Assessment of flooding impacts in terms of sustainability in mainland China

Jinren Ni*, Liying Sun, Tianhong Li, Zheng Huang, Alistair G. L. Borthwick

*Corresponding author for this work

Research output: Contribution to journalArticlepeer-review


An understanding of flood impact in terms of sustainability is vital for long-term disaster risk reduction. This paper utilizes two important concepts: conventional insurance related flood risk for short-term damage by specific flood events, and long-term flood impact on sustainability. The Insurance Related Flood Risk index, IRFR, is defined as the product of the Flood Hazard Index (FHI) and Vulnerability. The Long-term Flood Impact on Sustainability index. LFIS, is the ratio of the flood hazard index to the Sustainable Development Index (SDI). Using a rapid assessment approach, quantitative assessments of IRFR and LFIS are carried out for 2339 counties and cities in mainland China. Each index is graded from 'very low' to 'very high' according to the eigenvalue magnitude of cluster centroids. By combining grades of FHI and SDI, mainland China is then classified into four zones in order to identify regional variations in the potential linkage between flood hazard and sustainability. Zone I regions, where FHI is graded 'very low' or low' and SDI is 'medium' to 'very high', are mainly located in western China. Zone II regions, where FHI and SDI are 'medium' or 'high', occur in the rapidly developing areas of central and eastern China. Zone III regions, where FHI and SDI are 'very low' or 'low', correspond to the resource-based areas of western and north-central China. Zone IV regions, where FHI is 'medium' to 'very high' and SDI is 'very low' to 'low', occur in ecologically fragile areas of south-western China. The paper also examines the distributions of IRFR and LFIS throughout mainland China. Although 57% of the counties and cities have low IRFR values, 64% have high LFIS values. The modal values of LFIS are ordered as Zone I <Zone II approximate to Zone III <Zone IV; whereas the modal values of IRFR are ordered as Zone I <Zone III <Zone IV <Zone II. It is recommended that present flood risk policies be altered towards a more sustainable flood risk management strategy in areas where LFIS and IRFR vary significantly, with particular attention focused on Zone IV regions, which presently experience poverty and a deteriorating eco-system. (C) 2010 Elsevier Ltd. All rights reserved.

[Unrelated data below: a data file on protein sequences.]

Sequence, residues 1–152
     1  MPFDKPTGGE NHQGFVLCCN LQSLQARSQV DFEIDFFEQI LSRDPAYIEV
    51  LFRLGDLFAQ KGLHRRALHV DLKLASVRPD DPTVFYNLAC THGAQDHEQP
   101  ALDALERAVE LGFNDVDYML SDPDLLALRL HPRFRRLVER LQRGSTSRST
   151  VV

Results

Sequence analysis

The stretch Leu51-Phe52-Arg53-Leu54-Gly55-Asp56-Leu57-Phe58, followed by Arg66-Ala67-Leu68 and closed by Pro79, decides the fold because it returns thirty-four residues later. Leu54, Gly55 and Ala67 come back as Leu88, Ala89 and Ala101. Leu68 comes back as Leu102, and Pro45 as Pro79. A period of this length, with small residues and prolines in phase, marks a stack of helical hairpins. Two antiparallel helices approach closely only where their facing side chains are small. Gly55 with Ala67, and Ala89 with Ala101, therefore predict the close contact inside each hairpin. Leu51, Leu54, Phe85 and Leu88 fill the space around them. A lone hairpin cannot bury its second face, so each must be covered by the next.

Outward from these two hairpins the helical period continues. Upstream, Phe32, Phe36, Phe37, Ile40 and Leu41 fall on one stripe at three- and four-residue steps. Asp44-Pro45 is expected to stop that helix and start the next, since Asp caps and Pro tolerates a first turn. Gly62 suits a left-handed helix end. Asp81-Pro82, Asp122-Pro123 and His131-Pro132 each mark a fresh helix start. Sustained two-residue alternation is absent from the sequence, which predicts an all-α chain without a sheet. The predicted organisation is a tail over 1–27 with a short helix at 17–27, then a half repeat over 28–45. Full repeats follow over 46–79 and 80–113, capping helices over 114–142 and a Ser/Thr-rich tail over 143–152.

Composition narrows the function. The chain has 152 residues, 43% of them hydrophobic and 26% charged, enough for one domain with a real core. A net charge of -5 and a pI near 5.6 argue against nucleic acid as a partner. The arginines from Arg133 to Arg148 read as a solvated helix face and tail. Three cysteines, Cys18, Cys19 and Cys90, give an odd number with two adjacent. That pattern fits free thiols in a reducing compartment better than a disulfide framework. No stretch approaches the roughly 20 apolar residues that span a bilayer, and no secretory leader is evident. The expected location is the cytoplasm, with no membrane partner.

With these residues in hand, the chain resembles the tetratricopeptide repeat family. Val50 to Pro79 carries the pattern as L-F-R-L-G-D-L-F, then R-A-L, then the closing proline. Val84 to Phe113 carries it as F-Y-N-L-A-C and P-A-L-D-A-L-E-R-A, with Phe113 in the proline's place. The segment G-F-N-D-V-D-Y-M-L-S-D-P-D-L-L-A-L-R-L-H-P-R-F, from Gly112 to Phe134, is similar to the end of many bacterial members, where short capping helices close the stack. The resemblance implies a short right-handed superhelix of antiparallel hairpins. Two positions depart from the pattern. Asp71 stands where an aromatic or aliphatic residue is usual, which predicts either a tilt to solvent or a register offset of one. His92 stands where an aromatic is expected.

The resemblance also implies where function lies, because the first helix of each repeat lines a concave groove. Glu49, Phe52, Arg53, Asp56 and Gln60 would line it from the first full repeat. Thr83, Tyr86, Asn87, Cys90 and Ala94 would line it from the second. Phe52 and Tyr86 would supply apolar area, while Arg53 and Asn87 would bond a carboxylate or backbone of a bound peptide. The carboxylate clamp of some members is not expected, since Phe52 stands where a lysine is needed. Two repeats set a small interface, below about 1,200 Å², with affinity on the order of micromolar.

Original languageEnglish
Pages (from-to)1930-1942
Number of pages13
JournalJournal of Environmental Management
Issue number10
Publication statusPublished - Oct 2010


  • Flood hazard
  • Sustainability
  • Rapid assessment
  • Spatial characteristics
  • Linkage
  • Vulnerability
  • RISK
  • UK


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